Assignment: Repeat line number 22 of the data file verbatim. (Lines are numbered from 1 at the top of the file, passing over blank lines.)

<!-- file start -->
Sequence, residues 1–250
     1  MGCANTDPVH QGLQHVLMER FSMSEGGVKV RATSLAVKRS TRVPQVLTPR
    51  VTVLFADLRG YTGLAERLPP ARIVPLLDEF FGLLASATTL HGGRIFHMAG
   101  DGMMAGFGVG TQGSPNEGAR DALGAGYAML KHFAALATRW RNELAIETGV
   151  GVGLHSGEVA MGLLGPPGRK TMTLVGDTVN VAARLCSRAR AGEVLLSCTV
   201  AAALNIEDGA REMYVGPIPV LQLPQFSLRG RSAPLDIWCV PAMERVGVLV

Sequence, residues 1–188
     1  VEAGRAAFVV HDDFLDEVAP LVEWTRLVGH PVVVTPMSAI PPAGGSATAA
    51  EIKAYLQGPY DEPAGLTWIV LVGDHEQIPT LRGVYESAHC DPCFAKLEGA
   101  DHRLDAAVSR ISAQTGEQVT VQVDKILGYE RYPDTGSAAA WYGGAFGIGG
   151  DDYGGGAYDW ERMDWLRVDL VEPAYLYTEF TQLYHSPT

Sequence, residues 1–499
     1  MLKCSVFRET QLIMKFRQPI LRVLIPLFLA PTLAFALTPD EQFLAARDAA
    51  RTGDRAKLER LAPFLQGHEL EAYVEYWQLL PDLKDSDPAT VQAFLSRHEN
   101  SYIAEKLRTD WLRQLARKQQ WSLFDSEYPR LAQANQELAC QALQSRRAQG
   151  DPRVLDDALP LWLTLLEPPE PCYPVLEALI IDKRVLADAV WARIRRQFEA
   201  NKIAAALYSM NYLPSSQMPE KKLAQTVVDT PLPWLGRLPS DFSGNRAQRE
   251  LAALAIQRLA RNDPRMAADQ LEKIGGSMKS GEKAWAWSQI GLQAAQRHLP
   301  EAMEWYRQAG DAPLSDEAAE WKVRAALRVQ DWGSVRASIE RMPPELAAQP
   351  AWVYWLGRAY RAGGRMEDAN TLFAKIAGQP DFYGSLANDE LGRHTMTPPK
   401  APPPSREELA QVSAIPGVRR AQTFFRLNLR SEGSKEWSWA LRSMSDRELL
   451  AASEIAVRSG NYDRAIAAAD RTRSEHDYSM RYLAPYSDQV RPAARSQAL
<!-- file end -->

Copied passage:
   451  AASEIAVRSG NYDRAIAAAD RTRSEHDYSM RYLAPYSDQV RPAARSQAL